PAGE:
The development of religion in India took a different tack than that in the West for the most part. The primary difference was that India refused to close off any possible avenue to the Divine realisation, and thus, wound up with an enormous diversity and complexity of religious activities which did not block off or restrict any avenue of life or intellectual development. By contrast in the West, the focus continued to narrow until eventually religion came into conflict with the development of the intellectual powers particularly the scientific revolution, a conflict which still obtains today in some places.
Sri Aurobindo provides us several ultimate goals that religion is to achieve, and looked at from that light, it is essential that a broad diversity of effort and embracing of all aspects of life and intellect be permitted within the framework of the spiritual impulse. “The individual demands from religion a door of opening into spiritual experience or a means of turning towards it, a communion with God or a definite light of guidance on the way, a promise of the hereafter or a means of a happier supraterrestrial future; these needs can be met on the narrower basis of credal belief and sectarian cult. But there is also the wider purpose of Nature to prepare and further the spiritual evolution in man and turn him into a spiritual being; religion serves her as a means for pointing his effort and his ideal in that direction and providing each one who is ready with the possibility of taking a step upon the way towards it.”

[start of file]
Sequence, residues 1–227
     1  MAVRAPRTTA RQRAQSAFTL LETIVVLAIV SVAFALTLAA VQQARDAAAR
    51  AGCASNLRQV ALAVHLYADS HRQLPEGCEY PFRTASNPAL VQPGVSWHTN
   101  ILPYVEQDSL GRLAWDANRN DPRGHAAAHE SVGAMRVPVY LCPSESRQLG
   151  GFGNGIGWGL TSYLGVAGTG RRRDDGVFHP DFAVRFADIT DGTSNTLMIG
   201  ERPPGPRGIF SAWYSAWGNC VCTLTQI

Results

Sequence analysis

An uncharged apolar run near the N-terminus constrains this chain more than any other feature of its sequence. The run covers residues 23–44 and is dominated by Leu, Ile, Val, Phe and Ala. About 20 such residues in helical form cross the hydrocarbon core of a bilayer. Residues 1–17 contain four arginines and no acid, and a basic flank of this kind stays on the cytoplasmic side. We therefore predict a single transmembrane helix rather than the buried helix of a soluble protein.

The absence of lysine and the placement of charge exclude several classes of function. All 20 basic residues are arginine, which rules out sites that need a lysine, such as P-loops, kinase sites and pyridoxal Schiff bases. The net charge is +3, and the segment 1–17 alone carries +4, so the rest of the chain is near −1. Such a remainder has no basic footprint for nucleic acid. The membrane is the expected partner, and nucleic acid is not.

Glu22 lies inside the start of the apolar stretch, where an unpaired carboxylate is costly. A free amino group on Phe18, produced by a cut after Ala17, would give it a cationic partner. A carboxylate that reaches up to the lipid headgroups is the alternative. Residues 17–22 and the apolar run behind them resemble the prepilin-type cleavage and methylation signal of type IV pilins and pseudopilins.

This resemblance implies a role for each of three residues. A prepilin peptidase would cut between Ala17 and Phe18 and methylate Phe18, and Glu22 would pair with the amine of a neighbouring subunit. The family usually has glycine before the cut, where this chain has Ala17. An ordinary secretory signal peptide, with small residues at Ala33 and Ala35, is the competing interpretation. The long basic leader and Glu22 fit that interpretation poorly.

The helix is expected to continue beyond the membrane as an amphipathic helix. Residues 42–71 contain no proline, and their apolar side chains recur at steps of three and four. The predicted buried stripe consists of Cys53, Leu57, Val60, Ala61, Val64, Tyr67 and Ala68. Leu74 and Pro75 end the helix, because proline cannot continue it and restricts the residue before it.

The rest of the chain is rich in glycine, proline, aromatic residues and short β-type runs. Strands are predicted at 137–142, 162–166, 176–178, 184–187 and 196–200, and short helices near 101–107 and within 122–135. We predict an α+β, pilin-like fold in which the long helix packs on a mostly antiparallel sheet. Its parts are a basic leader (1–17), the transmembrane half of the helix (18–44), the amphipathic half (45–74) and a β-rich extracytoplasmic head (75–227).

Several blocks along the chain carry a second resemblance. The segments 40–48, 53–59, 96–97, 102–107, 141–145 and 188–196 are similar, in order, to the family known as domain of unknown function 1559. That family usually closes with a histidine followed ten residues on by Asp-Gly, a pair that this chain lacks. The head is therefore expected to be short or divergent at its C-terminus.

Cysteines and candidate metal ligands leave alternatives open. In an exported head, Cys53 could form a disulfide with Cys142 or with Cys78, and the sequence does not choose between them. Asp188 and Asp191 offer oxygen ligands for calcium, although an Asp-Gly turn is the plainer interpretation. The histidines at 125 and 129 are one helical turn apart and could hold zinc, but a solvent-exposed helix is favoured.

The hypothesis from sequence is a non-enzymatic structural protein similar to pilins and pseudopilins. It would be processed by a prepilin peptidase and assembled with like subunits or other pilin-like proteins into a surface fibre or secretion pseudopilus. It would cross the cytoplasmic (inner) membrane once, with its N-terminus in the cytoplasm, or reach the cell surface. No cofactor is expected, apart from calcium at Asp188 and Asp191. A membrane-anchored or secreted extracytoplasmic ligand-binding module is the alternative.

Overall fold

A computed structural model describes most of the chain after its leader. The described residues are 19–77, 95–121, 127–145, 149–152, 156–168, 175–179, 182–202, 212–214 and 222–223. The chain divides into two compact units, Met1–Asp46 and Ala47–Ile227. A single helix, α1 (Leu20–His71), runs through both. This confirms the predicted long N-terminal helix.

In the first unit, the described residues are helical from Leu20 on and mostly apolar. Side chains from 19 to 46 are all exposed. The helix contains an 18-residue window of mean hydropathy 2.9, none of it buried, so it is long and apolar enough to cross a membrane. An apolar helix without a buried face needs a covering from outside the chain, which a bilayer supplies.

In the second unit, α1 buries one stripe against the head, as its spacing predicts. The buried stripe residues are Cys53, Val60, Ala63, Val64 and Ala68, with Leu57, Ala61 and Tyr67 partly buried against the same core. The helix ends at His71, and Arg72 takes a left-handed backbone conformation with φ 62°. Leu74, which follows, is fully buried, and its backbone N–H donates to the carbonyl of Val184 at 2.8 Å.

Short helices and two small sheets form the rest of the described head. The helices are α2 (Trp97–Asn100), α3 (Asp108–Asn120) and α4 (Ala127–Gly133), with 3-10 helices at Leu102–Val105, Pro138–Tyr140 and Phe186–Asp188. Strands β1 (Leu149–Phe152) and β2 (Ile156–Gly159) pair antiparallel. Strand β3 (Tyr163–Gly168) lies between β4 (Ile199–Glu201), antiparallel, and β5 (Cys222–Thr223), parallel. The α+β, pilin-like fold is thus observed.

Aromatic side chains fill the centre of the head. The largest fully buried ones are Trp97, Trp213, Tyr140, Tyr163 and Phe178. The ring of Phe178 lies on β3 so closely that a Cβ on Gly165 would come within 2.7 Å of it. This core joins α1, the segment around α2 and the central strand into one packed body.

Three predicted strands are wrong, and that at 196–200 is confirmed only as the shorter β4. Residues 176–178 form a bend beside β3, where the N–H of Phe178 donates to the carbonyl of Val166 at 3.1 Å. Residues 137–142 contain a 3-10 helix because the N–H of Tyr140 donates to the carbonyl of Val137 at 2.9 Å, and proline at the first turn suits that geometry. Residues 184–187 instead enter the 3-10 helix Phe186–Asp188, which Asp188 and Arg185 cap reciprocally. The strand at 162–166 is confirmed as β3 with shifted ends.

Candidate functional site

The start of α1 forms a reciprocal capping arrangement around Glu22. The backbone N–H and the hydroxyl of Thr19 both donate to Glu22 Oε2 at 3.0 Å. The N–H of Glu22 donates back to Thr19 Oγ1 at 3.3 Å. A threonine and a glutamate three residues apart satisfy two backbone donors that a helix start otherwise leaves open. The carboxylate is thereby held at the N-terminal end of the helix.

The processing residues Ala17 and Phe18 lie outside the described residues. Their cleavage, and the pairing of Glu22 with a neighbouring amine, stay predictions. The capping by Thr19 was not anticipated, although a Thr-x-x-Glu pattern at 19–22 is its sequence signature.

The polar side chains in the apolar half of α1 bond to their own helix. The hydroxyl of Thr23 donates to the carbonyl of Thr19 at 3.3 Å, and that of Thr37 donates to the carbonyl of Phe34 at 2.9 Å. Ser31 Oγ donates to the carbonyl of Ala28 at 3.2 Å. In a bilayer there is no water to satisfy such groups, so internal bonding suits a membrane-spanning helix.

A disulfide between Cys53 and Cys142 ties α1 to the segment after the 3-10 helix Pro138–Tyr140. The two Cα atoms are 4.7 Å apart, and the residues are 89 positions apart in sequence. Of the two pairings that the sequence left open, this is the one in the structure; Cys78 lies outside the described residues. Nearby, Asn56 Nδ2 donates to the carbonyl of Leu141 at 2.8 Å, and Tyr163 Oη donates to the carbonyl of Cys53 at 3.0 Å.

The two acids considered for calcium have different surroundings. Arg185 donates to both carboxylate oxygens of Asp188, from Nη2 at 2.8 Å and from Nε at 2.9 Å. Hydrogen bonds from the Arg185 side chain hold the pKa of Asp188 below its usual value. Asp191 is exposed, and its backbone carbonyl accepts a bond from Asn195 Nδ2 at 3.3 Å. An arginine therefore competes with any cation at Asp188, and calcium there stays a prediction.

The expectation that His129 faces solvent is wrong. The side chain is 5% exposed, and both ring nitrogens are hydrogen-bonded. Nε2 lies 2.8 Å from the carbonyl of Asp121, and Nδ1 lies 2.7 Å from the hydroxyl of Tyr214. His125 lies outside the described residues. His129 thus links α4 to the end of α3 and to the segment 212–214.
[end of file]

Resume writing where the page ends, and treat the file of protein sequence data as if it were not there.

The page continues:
“Whatever errors Religion has committed, this is her function and her great and indispensable utility and service,–the holding up of this growing light of guidance on our way through the mind’s ignorance towards the Spirit’s complete consciousness and self-knowledge.”
Sri Aurobindo, The Life Divine, Book 2, Part 2, Chapter 24, “The Evolution of the Spiritual Man”